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natami. lol. lets take everyones design ideas, * 10000, include kitchen sink! at least its 'officially' dead now.
-- Aussie living in the USA --
 

Offline theoldwizard1

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Surprised that this is an implementation of the full M68K instead of the Coldfire.  The Coldfire was designed for small size and performance.

Coldfire is not 100% compatible with 68k, so it may be a problem for a 68k system like Amiga.
True, but when Coldfire was introduced, Motorola had a set of macros that were added to the assembler and it became assembly language compatible !

Much of what was left out were instruction and/or addressing modes that were very seldom used.
 

Offline theoldwizard1

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I very much doubt they can get a core to run at >400MHz inside an FPGA. Sure FPGAs can run at these speeds but you can only have a tiny bit of simple logic. As soon as logic gets more complex routing and logic delays severely hamper the maximum clock frequency.
Very TRUE !  Unless multiple parts of the design are ASYNCHRONOUS timing distribution at higher speeds is CRITICAL !

If you look at the die photos of the DEC Alpha chip you can clearly see the clock line.  Why should something as insignificant as the clock show up on a die photo ?  Because the had to make it HUGE and drive it hard so that no part of the chip would have re-drive the signal an introduce timing variability !

If arts of the design are physically going to be on differnt FPGAs, they had better be asynchronous !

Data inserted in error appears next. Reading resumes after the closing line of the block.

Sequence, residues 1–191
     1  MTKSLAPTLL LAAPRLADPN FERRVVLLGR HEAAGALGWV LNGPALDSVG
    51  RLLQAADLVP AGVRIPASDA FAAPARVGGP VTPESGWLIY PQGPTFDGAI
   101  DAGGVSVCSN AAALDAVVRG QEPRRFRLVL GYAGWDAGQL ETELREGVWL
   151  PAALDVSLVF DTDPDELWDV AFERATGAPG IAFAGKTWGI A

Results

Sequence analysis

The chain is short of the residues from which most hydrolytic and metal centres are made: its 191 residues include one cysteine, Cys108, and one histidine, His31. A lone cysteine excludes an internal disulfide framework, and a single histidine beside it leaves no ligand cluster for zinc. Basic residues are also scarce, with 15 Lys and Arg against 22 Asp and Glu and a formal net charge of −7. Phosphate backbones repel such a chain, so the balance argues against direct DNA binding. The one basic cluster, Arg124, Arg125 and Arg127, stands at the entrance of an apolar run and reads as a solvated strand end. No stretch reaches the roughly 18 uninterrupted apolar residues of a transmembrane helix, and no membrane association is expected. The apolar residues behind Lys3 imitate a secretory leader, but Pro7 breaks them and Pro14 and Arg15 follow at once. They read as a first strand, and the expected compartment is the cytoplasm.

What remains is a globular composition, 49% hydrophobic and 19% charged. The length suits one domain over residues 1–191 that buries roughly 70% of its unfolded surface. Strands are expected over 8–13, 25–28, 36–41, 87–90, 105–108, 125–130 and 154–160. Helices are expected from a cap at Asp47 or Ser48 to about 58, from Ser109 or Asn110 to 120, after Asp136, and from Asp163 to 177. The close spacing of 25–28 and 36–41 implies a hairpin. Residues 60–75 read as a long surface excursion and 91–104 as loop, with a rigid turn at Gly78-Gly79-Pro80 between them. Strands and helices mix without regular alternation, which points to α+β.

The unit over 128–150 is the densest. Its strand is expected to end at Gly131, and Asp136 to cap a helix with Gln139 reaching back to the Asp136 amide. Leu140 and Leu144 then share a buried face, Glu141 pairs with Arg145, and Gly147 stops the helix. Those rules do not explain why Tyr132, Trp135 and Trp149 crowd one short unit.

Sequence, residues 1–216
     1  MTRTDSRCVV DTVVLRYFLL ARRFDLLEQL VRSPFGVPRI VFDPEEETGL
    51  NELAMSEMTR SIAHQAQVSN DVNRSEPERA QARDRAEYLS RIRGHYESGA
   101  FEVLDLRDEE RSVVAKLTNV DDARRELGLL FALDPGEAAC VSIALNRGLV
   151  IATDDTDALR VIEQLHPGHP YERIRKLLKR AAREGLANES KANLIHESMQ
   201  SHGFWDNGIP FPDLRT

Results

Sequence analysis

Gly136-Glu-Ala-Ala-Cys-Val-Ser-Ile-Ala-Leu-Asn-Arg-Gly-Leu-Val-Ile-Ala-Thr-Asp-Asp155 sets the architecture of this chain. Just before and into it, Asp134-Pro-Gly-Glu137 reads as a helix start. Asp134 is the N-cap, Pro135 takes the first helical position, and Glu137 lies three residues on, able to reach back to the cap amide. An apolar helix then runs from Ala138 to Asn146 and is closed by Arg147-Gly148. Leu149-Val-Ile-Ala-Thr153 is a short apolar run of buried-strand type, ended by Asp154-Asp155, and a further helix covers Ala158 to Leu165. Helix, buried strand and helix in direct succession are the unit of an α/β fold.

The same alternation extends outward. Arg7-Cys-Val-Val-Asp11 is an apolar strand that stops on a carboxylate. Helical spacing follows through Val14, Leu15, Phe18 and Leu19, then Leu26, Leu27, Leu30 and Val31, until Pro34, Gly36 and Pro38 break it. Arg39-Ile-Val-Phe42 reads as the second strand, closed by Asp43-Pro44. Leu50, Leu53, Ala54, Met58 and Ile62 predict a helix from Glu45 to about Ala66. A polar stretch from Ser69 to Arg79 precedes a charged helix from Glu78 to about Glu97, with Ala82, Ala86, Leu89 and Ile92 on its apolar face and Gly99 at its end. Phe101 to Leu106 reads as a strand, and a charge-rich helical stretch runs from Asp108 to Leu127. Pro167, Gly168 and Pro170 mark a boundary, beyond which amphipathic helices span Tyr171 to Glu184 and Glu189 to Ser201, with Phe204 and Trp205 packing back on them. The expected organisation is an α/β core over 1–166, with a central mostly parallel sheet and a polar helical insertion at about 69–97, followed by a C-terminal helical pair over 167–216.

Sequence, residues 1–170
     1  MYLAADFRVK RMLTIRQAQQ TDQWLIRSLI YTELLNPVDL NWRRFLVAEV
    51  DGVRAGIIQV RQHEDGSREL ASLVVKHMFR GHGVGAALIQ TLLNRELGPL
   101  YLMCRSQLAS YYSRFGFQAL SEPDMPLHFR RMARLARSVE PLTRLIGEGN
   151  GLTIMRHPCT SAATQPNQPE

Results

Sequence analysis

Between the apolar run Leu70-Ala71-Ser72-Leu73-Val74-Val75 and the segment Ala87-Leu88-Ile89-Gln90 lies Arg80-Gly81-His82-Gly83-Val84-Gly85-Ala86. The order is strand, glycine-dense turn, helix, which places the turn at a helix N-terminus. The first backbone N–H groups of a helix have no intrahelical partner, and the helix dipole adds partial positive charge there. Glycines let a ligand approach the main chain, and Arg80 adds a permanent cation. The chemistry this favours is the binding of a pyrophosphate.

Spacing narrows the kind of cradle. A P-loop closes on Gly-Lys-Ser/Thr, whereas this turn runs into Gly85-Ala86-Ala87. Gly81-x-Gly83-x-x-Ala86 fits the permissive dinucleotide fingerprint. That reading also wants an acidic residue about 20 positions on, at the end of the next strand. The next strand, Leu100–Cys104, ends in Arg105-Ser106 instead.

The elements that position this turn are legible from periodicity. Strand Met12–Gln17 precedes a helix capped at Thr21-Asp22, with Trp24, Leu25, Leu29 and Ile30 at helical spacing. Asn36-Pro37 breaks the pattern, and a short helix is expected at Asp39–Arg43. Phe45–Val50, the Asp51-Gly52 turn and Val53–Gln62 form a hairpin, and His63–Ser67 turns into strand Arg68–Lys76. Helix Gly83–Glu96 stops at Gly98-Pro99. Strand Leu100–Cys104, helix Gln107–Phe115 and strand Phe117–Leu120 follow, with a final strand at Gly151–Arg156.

Offline legacy

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True, but when Coldfire was introduced, Motorola had a set of macros that were added to the assembler and it became assembly language compatible !

Much of what was left out were instruction and/or addressing modes that were very seldom used.

understood, but how tu run a legacy binary software, e.g. AmigaOS kernel and amiga Applications ?
i think such a macros and fixes are usable if you could rebuild from sources. Am i wrong ?
 

Offline theoldwizard1

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True, but when Coldfire was introduced, Motorola had a set of macros that were added to the assembler and it became assembly language compatible !

Much of what was left out were instruction and/or addressing modes that were very seldom used.

understood, but how tu run a legacy binary software, e.g. AmigaOS kernel and amiga Applications ?
i think such a macros and fixes are usable if you could rebuild from sources. Am i wrong ?
You are 100% correct !  I just ASSUMED someone had the sources !


Designing a general purpose CPU for multitasking because there are no "simple" benchmarks that are really relative to the application that is going to be run.  As I stated before, wider data paths, especially off chip data paths, are the simplest solution but have many technically issue for implementation.

My memory of the M68K instruction set is sketchy, but I seem to recall that there are instruction that modify memory contents directly.  These instruction are going to cause inherent delays (remember, memory access are always the slowest thing a CPU can do) as well as causing the write-back cache to be being dumped to memory.